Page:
Scientific revelations have continued shaping how OCD is viewed, with even more recent research coming out against the APA’s official “OCD-as-anxiety” stance. This growing voice is framing distress as the emotional bedrock out of which OCD sometimes evolves. The difference between these hypotheses pulls OCD toward two different positions: anxiety is considered a survival mechanism pushed into overdrive, and as such, OCD-as-anxiety is viewed as a case of excessive fear over a non-threat. Distress, on the other hand, is considered an adverse nagging sensation, with OCD-as-distress viewed as a case of disturbing thought content that will not allow the individual to relax. The jury is still out on this tug-of-war, as it remains to be seen which way the more established policy makers, such as the APA and the similarly minded World Health Organization (WHO) will lean in the coming years.
Studies remain inconclusive regarding the concrete causes of OCD. That said, a genetic predisposition has been implicated, with the APA finding that individuals with a first-degree relative diagnosed with OCD are twice as likely to develop the disorder themselves. The likelihood increases even further in cases where one’s relative had developed OCD during childhood: in such instances, the risk of developing OCD is ten times more likely, compared to individuals without a first-degree relative diagnosed with this condition. In addition to genetics, temperament and environmental factors have also been found to be associated to OCD: in regard to temperament, a tendency to internalize (rather than express) what one is going through, behavioral inhibition during childhood, and intense negative emotionality have been linked to increased risk of developing OCD. In regard to environment, experiencing abuse or other stressful or traumatic events have also been found to increase the chances of developing OCD.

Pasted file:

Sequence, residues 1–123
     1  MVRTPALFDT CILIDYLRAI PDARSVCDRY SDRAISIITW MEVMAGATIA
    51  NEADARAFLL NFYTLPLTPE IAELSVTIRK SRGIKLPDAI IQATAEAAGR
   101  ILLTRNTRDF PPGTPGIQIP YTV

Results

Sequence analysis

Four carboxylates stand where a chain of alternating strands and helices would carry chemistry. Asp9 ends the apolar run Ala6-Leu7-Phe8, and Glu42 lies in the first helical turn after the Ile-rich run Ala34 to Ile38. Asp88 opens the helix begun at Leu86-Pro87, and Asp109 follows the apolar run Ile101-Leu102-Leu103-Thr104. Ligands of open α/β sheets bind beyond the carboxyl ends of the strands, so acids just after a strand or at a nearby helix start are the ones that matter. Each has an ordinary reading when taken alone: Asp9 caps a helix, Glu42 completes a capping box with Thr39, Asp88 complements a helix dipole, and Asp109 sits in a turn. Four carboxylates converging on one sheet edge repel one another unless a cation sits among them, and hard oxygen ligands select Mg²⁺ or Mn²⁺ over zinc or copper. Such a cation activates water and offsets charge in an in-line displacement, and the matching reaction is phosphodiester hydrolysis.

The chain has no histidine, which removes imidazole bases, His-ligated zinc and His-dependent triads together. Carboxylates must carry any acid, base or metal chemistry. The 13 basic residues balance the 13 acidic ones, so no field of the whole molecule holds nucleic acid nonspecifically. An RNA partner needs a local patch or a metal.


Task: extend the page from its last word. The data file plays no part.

For the majority of the population, OCD is probably best-known for its most prevalent expression, cleanliness OCD. However, present-day research and field reports have been reporting on a much more diverse array of OCD themes than what was previously believed to exist: specifically, in addition to the more common OCD themes, such as cleanliness or orderliness, recent research has highlighted two previously overlooked areas: relationships and religion.
Relationship OCD, or ROCD, occurs when the individual constantly questions the qualities of the relationship they are in. It can revolve around their romantic relationship, with nagging questions such as whether their partner is truly “the one”. Or it can involve their parent-child relationship, and constantly trouble them with concern over whether their mother ever loved them. Just like with other types of OCD, doubt is a major component of ROCD, with the individual experiencing it suffering from a disquieting feeling that prevents them from feeling secure or appreciated within the targeted relationship.
Religion-based OCD, also known as scrupulosity, focuses on questions of faith or religion. Found to be more common within more devout countries, individuals who battle this type of OCD are plagued with the fear that God might strike them down due to their blasphemous thoughts, actions, or because they do not possess the requisite amount of faith. As a result, they may start compulsively praying, constantly seeking out reassurances from a respected religious figure, or participating in acts of self-sacrifice to “balance out” their perceived sins. Since religion-based OCD is culture-specific, it is important to consider whether their approach to religion and religious acts are considered the norm within their own community, or whether they stand out and cause them undue stress when compared to others within the society of which they are a part.